So Brian was sent packing with a slip of paper in his pocket that indicated he was being recommended for an Article 15. The punishments on the table were any combination—including the possibility of all—of the following:
- Extra duty: When everyone else goes home at the end of the duty day, you stay until 11 p.m. Every day, every weekend. 45 straight days of extra duty were on the table.
- Loss of wages: Usually half of them, for a given amount of time.
- Loss of rank: Being stripped back to PFC—Private, First Class.
- Discharge from the Army altogether was also a possibility. With the drawdown, there is less need for so many Non-Commissioned Officers, and a discharge through Article 15 is one way to unload dead weight.
But my son isn't dead weight, and when he was handed his pink slip, he asked to speak the next in command. He was granted time with the Sergeant Major, who approved the Article 15. Brian then asked to talk to the Colonel, but was turned down. He stood his ground and reminded his commanding officer that he knew his rights, and according to protocol, his request couldn't be denied.
He was then granted time with the Colonel, accompanied by the two men who were recommending the punishment. "Do you expect me not to punish you for disobeying your orders?" the Colonel asked him. And Brian responded, "I don't expect you not to punish me. I am only asking you not to destroy my career over a misunderstanding. Please, look at my records. Really look at them."
After he'd said his piece, the Colonel told him he appreciated his candor and his insisting that they talk. He said he wasn't in the business of destroying careers, and would take it under consideration. At that point, Brian was supposed to salute and leave the room. He did, but only after he reached across his desk, shook the Colonel's hand, and thanked him. He turned and did the same to the two men that wrote up his Article 15, and then took his leave.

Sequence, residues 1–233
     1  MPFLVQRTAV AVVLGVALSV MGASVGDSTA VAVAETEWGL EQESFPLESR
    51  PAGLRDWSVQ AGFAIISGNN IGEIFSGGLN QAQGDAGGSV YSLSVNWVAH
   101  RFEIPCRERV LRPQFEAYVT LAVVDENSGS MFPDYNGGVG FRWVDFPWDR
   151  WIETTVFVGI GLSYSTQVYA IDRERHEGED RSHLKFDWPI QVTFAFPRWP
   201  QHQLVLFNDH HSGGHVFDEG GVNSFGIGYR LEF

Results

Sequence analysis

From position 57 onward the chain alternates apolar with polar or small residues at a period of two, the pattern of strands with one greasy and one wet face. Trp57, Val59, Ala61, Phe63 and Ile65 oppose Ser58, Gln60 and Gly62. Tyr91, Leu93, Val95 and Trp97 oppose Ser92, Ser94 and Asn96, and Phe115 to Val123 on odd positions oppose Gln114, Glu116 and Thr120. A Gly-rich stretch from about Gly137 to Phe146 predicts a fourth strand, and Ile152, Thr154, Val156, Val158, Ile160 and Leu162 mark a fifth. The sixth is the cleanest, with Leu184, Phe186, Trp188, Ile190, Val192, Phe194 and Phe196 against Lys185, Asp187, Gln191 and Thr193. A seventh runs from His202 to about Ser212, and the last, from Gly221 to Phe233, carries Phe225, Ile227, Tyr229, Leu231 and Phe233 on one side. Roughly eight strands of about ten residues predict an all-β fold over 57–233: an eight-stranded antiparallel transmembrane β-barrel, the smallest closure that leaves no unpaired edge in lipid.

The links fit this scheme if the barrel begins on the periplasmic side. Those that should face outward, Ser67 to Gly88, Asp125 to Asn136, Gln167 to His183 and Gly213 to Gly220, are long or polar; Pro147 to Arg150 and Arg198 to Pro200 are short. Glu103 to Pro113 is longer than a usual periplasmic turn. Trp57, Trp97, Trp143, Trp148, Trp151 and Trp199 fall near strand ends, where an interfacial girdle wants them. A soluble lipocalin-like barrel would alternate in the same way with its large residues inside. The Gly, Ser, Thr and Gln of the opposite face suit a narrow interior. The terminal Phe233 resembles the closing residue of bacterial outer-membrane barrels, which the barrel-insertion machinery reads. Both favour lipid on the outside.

The first reading was a couple of days later, in which Brian appeared before everyone in his direct chain of command: His Platoon Sergeant, Captain, First Sergeant, Sergeant Major, and the Colonel. The charges and the possible repercussions were read to him, along with an explanation of how the "trial" would pan out: He would have a chance to plead his case at the second reading. There would then be a deliberation, followed by information of his punishment. Brian asked if the Colonel would take a phone call from the First Sergeant he served in Fort Hood, TX, and the phone conference was granted.
Once this procedure was finished, Brian was once again in limbo: No job, no school, no role but to check in every day to find out when his next reading would be. While he could have wandered, he opted to show up at 6 a.m. every day and go through P.T. with the new platoon. He was initially ostracized and jeered at like he was on a childhood playground. He kept his cool, and offered to stick around and help score P.T. tests. He didn't cut out early, kept working alongside of, and getting to know the same guys that had written him up. It wasn't long—a week, two, maybe—before he was approached and told "we can see that this was a terrible mistake, and we're going to put in a word for you."
It was 3 more weeks—December 17, before he finally had an appointment for his hearing. By then, his Colonel had gone over his records and touched base with Brian's former commanding officers.